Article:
Children and adults with symptoms of depression often present with extreme social withdrawal, sad (but not labile) affect, and inability to enjoy many activities they used to love. Parents or caregivers often report that the child/adult’s demeanor had not previously been like that. Disrupted sleep commonly co-occurs in both depression and anxiety states and do not necessarily help us to distinguish between them. A most remarkable aspect of depression in children and adults with Down syndrome is its association with environmental noxious triggers. These may include previously unrecognized medical illness or pain or psychosocial stressors, e.g., older sibling moving to college, sudden or chronic illness in a family member, death of a long household pet, absence of a teacher (leave, illness). All these ordinary events seem extraordinary for children and adults with Down syndrome with a disproportionate psychological impact, as compared to a typical person under similar circumstances. In summary, children/adults with Down syndrome remain exquisitely sensitive to changes in their environment which they often perceive unfavorably. We recommend that if any negative changes are to be anticipated that supportive counseling services and supports be put in place in anticipation of their impact. Attempt to treat persistent depression in the context of ongoing stress with pharmacological intervention is often futile without individual supports. Combination treatment involving both psychosocial and pharmacological components is needed. The argument for pharmacological intervention is strengthened if the children and adults with Down syndrome is deemed to already have a biological vulnerability (e.g., positive family history, previous episode of depression, concurrent medical illness).
What Are the Inattentive, Impulsive, Hyperactive and Disruptive Symptoms in Persons With Down Syndrome? How Are They Diagnosed and Treated?
Children and adults with Down syndrome often have significant processing difficulties and present with a very remarkable difficulty in sustaining attention on tasks. In children with greater cognitive and receptive-expressive language deficits, especially for younger age groups, the difficulties in attention are often accompanied with impulsive and hyperactive behaviors. This pattern of inattention, impulsivity and motor hyperactivity is consistent with a diagnosis of Attention Deficit Hyperactivity Disorder. For this reason, many children with such characteristic behaviors are treated with stimulant medications.
The response of children and adults with Down syndrome has not yielded encouraging results. In a sub-population of children and adults with Down syndrome there is a definite adverse behavioral activation in response to these medications. The most commonly observed adverse effects include: irritability, agitation, aggressive behaviors, transitional anxiety, and sleep related problems. Parents or caregivers need to be forewarned about these adverse effects since it can occur very soon after the initiation of treatment and can be very troubling for them to witness. A small group of children with ADHD symptoms may nevertheless benefit from stimulant medications, but even for them they may increase in anxiety, as well as obsessive compulsive symptoms. For this reason, the main emphasis in treatment of ADHD-like symptoms needs to focus on behavioral and therapeutic strategies to enhance adaptive functioning and performance in the home and classroom settings.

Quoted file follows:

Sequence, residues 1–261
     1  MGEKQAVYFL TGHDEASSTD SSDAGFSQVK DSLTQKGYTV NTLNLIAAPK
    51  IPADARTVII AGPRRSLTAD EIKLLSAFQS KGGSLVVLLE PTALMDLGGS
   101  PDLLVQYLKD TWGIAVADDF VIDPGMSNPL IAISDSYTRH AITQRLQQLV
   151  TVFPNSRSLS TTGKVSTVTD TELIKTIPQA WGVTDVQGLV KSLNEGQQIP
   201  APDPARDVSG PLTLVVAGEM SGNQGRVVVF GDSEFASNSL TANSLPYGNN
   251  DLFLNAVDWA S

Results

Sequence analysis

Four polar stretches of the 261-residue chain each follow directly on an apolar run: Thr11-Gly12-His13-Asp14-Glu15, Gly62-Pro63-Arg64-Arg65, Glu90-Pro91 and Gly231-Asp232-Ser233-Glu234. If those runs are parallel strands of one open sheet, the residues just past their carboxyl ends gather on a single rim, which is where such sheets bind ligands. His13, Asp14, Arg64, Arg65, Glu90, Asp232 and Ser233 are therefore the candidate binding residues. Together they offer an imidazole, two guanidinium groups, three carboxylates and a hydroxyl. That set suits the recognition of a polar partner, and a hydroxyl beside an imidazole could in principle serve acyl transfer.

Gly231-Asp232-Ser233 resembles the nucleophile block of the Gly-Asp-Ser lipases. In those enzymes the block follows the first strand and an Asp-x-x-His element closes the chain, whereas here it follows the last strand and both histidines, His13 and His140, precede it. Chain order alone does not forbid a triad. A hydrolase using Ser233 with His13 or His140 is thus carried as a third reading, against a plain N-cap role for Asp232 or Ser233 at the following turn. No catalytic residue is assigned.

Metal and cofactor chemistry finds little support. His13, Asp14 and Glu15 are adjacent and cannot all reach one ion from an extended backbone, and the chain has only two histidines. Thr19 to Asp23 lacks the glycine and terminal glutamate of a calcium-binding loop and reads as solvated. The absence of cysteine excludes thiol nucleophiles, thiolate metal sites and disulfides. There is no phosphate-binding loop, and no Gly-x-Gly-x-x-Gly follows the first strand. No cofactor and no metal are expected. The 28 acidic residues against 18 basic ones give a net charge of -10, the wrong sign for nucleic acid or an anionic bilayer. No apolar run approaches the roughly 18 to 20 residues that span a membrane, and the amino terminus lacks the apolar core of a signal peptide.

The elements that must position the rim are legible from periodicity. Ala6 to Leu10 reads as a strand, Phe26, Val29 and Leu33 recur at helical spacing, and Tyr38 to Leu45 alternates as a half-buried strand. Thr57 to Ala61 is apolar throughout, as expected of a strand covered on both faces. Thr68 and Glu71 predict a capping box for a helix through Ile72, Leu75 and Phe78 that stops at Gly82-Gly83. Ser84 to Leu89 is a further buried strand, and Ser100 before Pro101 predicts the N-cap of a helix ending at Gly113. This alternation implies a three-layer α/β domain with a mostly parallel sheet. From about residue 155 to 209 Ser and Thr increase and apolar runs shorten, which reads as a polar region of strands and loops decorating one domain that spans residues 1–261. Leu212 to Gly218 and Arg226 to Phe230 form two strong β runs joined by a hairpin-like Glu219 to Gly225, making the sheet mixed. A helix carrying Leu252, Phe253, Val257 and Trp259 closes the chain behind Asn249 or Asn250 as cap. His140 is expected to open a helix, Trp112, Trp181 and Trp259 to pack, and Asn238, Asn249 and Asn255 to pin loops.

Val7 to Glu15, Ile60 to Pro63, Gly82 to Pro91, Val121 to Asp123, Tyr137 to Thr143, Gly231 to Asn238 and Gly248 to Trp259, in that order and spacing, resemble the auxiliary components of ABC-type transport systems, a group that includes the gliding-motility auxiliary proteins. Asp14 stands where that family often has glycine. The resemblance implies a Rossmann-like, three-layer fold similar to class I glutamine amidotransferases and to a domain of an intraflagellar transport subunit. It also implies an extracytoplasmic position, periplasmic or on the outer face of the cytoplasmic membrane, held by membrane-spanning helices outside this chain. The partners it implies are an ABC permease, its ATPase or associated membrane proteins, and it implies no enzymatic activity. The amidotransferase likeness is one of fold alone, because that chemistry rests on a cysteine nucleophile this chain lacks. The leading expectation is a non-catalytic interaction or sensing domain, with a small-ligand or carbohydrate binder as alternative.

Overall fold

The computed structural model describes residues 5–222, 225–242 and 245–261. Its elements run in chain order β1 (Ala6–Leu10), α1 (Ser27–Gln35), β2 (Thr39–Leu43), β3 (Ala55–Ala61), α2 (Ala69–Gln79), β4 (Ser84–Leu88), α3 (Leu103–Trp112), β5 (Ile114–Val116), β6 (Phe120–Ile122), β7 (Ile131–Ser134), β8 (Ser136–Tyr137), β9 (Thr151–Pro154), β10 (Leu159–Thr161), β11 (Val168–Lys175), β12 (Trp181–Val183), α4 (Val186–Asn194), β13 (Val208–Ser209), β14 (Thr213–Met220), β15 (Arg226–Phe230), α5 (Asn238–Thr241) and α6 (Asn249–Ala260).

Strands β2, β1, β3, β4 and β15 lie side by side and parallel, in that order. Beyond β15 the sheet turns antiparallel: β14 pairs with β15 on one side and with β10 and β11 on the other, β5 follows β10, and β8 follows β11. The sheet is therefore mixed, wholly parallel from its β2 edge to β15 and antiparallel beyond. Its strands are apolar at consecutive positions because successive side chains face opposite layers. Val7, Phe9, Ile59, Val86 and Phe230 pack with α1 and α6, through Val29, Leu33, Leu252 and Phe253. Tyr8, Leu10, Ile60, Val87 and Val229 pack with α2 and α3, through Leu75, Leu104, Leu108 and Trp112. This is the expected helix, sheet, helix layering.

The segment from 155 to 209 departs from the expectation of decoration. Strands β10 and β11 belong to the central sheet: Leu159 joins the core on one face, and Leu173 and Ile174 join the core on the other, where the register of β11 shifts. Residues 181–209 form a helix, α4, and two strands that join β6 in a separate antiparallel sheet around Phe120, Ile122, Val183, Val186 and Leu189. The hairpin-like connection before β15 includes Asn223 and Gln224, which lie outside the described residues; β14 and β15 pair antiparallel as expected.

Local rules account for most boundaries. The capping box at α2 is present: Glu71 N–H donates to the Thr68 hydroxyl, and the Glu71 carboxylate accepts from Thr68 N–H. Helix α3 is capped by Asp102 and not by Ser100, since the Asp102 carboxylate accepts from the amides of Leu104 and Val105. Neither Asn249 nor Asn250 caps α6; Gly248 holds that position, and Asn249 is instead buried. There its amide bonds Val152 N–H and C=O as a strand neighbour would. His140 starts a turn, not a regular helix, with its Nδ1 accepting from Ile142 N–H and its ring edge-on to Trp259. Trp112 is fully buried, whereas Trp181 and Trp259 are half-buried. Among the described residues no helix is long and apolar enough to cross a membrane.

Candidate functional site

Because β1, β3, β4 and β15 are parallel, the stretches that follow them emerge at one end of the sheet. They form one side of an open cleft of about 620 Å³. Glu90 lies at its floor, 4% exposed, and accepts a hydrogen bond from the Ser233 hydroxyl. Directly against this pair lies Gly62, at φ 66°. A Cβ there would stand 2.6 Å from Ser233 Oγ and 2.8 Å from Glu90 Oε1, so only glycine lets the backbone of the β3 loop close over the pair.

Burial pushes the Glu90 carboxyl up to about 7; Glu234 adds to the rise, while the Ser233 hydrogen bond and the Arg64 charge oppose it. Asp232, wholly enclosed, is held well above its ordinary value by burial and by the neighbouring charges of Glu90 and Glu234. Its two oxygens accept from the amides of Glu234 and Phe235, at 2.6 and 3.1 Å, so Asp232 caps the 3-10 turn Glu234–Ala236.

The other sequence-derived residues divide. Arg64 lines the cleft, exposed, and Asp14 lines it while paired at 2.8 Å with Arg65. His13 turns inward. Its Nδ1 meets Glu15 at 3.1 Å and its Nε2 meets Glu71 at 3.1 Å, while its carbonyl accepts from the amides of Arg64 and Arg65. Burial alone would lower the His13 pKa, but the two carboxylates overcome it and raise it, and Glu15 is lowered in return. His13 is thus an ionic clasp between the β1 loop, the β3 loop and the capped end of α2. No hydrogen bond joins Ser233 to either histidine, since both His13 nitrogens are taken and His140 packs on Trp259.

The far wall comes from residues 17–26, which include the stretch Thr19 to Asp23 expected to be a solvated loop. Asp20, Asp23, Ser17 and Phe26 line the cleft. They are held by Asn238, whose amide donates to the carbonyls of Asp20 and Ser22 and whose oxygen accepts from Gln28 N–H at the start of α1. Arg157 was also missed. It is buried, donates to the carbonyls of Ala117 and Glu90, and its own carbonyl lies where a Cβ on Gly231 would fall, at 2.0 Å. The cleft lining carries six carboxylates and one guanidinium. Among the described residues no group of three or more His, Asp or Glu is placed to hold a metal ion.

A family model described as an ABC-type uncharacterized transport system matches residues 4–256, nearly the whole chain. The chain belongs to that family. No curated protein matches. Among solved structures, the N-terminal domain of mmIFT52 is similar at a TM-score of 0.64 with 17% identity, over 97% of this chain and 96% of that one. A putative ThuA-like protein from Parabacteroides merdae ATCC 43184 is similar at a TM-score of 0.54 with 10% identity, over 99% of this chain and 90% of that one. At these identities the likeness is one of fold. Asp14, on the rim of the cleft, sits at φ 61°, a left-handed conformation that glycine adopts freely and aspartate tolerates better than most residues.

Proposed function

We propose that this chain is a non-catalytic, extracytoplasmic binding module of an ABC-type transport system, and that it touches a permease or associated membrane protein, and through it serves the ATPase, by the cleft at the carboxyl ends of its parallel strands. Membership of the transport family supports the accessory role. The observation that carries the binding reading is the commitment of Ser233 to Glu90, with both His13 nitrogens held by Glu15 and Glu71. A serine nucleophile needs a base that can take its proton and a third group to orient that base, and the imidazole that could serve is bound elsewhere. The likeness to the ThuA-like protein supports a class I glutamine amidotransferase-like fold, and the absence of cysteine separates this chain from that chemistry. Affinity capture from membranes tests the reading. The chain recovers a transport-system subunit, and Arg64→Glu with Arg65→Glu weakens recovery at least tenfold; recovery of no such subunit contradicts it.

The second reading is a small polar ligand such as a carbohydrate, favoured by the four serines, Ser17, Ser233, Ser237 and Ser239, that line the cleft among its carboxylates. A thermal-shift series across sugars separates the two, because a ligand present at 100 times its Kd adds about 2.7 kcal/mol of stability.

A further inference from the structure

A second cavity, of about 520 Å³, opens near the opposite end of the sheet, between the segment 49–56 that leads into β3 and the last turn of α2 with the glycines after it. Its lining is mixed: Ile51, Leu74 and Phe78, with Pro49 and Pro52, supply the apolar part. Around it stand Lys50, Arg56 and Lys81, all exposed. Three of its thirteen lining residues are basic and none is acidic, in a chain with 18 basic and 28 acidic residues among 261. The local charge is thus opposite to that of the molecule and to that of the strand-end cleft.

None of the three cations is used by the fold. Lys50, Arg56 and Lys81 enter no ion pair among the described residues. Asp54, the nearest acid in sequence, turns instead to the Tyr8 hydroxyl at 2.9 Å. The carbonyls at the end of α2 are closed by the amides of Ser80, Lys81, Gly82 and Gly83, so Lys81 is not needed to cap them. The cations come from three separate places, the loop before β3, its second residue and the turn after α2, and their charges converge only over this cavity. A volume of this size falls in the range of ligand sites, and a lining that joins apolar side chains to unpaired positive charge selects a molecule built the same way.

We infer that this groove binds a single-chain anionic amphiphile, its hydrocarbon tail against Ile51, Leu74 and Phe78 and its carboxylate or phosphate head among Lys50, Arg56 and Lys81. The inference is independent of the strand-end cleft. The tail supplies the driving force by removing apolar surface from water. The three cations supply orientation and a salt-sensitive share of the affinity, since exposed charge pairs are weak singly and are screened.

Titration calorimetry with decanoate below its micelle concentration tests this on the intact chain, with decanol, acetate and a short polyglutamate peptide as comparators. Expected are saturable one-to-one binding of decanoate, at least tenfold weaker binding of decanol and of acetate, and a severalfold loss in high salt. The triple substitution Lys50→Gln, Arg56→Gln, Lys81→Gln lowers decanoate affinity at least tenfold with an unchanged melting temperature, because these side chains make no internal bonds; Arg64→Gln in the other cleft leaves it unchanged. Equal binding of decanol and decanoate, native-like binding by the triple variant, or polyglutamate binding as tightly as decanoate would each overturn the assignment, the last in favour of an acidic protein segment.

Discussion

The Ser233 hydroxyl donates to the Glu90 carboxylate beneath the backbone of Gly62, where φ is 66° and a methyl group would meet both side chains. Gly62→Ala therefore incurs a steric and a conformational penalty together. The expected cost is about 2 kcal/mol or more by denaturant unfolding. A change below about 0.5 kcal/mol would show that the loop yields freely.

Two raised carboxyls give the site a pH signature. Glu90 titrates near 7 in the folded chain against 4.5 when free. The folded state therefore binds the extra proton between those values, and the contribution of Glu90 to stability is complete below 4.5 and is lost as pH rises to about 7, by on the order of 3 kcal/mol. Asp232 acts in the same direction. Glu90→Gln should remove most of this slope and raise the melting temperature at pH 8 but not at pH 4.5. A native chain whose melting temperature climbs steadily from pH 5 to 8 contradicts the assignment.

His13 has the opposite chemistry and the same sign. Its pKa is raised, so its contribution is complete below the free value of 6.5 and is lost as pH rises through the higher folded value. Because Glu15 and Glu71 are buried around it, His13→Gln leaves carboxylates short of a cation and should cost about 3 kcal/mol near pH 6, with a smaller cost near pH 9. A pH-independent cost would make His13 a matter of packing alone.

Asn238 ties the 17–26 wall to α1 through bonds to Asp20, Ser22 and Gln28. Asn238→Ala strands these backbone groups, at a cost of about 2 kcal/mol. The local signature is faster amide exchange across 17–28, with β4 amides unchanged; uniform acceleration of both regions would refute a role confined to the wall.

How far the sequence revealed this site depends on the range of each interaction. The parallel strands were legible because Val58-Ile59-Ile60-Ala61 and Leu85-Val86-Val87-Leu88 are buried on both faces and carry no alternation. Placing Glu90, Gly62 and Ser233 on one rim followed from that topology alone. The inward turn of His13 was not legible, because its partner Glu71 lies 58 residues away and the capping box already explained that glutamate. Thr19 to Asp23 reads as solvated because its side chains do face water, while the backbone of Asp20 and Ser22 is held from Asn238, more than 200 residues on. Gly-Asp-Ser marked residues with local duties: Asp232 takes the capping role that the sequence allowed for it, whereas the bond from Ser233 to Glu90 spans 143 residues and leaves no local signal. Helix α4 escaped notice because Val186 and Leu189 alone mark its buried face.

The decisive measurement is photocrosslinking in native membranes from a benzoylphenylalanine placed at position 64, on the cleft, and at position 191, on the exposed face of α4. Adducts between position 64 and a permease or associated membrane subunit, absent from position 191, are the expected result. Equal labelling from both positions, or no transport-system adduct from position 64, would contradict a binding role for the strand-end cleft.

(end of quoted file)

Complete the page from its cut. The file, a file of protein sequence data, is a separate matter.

For children with high-degree impulsivity and disruptive behaviors the use of low dose of clonidine has been helpful, but this medication may also be limited in its efficacy as it may lead to daytime drowsiness in some children. It should be emphasized that the use if clonidine, per se, can be effective only in addressing impulsive, hyperactive and disruptive behavior, and does not necessarily improve primary attention. Clonidine administered at bed time may also help the child to settle down to sleep.
What Are the Behavioral Concerns Related Commonly Associated with Chronic Sleep Difficulties? How is This Assessed and Treated?
Children and adults with Down syndrome commonly experience a range of sleep-related difficulties either as primary sleep disorder or associated with mental health problems (e.g., generalized anxiety and mood disturbances). Irrespective of the etiology, sleep difficulties impair the ability of a child or adult with Down syndrome to maintain alertness and attention during the day, as well as maintain better control, e.g., frustration tolerance. Chronic sleep difficulties in children and adultswith Down syndrome need to be evaluated thoroughly by interdisciplinary team in order to rule out any contributory medical conditions.
Children and adults with Down syndrome, in particular, are at increased risk for development of obstructive sleep apnea with mild to moderate cessation of breathing during sleep that leads to reduction of oxygen saturation in the blood. Although the diagnosis of sleep apnea is suspected on the basis of history that often includes evidence for periods of daytime sleepiness, fatigue, it is necessary to conduct further tests to confirm this diagnosis by means of referral for a sleep study at a sleep disorder laboratory often available in major medical centers.
What Are Major Environmental Triggers of Behavioral and Emotional Difficulties?